Laws of Eve | Do squatters have greater protection than property owners?
At the end of the judgment in the case of Perry v Bough and Others  JMCA Civ 12, Justice Brooks said, "The result is not the happiest, bearing in mind that Mr Perry has purchased the premises for a not insignificant sum. It is perhaps time for the legislature to consider the matter." These comments resonated with me, because I have often questioned whether squatters have greater protection than property owners do.
When Mr Perry purchased a property with entrances from Job Lane and the Spanish Town bypass in St Catherine in or about 2014, he apparently did so with the belief that he would have been able to eventually evict the defendants, who then occupied a portion of it. The previous owner had already served them with Notices to Quit and commenced proceedings in court to obtain Orders for Possession.
Unfortunately for Mr Perry, his attempts to evict the defendants failed in both the Parish Court and in the Court of Appeal, because the defendants were able to satisfy the court that they had been in open an undisturbed possession of parts of the premises for more than 12 years and had, therefore, acquired title by adverse possession. They were able to do this although the previous owner had lived on one portion of the property until it was sold and had obtained mortgages during the relevant 12-year period. Therefore, he had not abandoned the property and allowed it to be overrun by squatters.
The following findings in the Court of Appeal should be noted:
The mere creation of a mortgage could not assist [a registered owner of property] or his mortgagee in causing time to stop running against a person claiming a possessory title [that is, a squatter], any more than a purported sale of the title for the registered property would have done.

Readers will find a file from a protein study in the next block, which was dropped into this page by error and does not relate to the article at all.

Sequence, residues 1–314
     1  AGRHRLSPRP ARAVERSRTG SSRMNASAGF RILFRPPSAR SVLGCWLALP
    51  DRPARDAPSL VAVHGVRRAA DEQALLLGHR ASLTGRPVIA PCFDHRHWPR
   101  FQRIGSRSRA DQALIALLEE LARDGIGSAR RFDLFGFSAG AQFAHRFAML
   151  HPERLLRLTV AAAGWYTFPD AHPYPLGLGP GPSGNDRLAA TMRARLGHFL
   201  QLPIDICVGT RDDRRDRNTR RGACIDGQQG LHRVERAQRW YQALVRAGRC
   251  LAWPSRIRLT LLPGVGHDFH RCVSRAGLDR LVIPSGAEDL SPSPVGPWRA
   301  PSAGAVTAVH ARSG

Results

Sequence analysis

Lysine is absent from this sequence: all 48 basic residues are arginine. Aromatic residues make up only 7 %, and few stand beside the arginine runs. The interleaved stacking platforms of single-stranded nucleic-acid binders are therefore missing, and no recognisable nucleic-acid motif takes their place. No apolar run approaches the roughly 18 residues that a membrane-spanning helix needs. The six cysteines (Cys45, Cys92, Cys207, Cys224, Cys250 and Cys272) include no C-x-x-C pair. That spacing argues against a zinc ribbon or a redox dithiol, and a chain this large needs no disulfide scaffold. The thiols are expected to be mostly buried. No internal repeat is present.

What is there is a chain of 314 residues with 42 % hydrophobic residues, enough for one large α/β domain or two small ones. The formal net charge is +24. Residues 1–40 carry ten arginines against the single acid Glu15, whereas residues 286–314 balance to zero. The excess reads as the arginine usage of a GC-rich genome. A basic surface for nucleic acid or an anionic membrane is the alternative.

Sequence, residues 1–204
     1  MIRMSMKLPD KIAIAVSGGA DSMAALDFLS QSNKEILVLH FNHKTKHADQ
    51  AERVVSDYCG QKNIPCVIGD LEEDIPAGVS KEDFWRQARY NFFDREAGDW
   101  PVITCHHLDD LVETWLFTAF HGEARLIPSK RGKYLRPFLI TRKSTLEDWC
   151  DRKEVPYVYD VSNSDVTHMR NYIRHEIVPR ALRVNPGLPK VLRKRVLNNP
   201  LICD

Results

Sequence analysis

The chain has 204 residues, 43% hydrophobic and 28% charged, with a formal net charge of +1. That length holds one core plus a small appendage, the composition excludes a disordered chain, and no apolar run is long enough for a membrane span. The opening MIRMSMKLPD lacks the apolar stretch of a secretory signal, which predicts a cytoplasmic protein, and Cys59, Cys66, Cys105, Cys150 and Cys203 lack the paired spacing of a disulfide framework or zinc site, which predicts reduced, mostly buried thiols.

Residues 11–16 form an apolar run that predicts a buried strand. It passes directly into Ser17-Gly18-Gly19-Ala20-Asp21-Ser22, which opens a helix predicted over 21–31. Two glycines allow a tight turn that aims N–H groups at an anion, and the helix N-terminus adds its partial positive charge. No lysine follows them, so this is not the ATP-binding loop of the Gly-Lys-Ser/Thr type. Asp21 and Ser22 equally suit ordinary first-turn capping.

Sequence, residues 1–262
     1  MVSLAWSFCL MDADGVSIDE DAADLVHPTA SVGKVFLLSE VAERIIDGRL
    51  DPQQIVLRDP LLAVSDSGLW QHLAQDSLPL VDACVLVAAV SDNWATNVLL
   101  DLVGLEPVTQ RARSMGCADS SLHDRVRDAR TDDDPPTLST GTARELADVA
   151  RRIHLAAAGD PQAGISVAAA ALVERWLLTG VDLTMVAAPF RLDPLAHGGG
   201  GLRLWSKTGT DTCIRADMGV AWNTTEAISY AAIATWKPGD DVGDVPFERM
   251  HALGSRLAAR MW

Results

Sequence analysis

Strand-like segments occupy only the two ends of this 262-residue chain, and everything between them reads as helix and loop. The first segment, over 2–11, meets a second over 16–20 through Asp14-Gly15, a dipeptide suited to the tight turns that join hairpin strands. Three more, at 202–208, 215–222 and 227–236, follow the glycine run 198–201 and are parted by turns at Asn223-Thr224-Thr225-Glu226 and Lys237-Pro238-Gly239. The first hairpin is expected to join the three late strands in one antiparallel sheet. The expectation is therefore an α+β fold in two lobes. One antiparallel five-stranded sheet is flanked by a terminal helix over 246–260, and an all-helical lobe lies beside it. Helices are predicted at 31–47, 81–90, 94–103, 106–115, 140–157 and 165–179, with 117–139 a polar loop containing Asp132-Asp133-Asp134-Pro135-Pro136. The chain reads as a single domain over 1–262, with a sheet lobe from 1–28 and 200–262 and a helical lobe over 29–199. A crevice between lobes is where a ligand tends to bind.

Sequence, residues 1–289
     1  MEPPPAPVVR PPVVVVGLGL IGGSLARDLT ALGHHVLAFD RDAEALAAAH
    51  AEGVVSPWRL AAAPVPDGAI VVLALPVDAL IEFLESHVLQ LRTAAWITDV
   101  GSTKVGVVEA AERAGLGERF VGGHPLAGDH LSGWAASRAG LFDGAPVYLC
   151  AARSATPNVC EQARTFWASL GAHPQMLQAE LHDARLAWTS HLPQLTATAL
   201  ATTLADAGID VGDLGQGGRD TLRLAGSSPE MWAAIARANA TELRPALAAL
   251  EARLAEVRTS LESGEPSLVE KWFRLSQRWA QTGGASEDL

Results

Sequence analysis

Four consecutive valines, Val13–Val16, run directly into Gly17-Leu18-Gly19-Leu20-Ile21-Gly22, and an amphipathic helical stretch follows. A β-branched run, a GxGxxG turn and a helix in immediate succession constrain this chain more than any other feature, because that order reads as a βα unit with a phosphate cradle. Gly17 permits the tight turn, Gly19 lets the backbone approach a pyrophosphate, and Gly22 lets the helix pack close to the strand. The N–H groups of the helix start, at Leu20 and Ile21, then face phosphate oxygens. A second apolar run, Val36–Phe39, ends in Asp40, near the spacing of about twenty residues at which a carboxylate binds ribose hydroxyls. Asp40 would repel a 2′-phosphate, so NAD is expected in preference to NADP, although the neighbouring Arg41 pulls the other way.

This was a case where [the registered owner] was in exclusive occupation of a portion of the premises while each of the respondents were in exclusive possession of other portions. [In reliance on the previously decided] cases of Chisholm v Hall and Recreational Holdings, the possessory titles (squatter titles) were acquired despite the fact that the paper title holder was in possession of the rest of the land.
The absence of a physical boundary fence [around the property occupied by the squatters] cannot affect the issue of the intention to occupy and possess land.
It amazes me that our legislators have not made the review and possible amendment of the Limitation of Actions Act a priority in order to better protect the interests of the owners of registered property. The Government enjoys greater protection than private landowners do in relation to their property, because a squatter has to remain in possession of state-owned land five times longer (a period of 60 years) than privately owned lands, before that squatter can claim possessory title to it. Where is the justice in this?
In 2008, then Minister of Water and Housing, Dr Horace Chang, reportedly cited informal settlements or squatting as "the single biggest social challenge that we now face in this country and the cause of great social dysfunction". He also said that, "Statistics indicate that there are some 700 informal settlements across the island, which are homes to a possible 15 to 35 per cent of the population."
It is difficult to imagine that this situation has informed, so I call on our legislators to act now in an effort to make the issues surrounding illegal settlements in Jamaica a priority.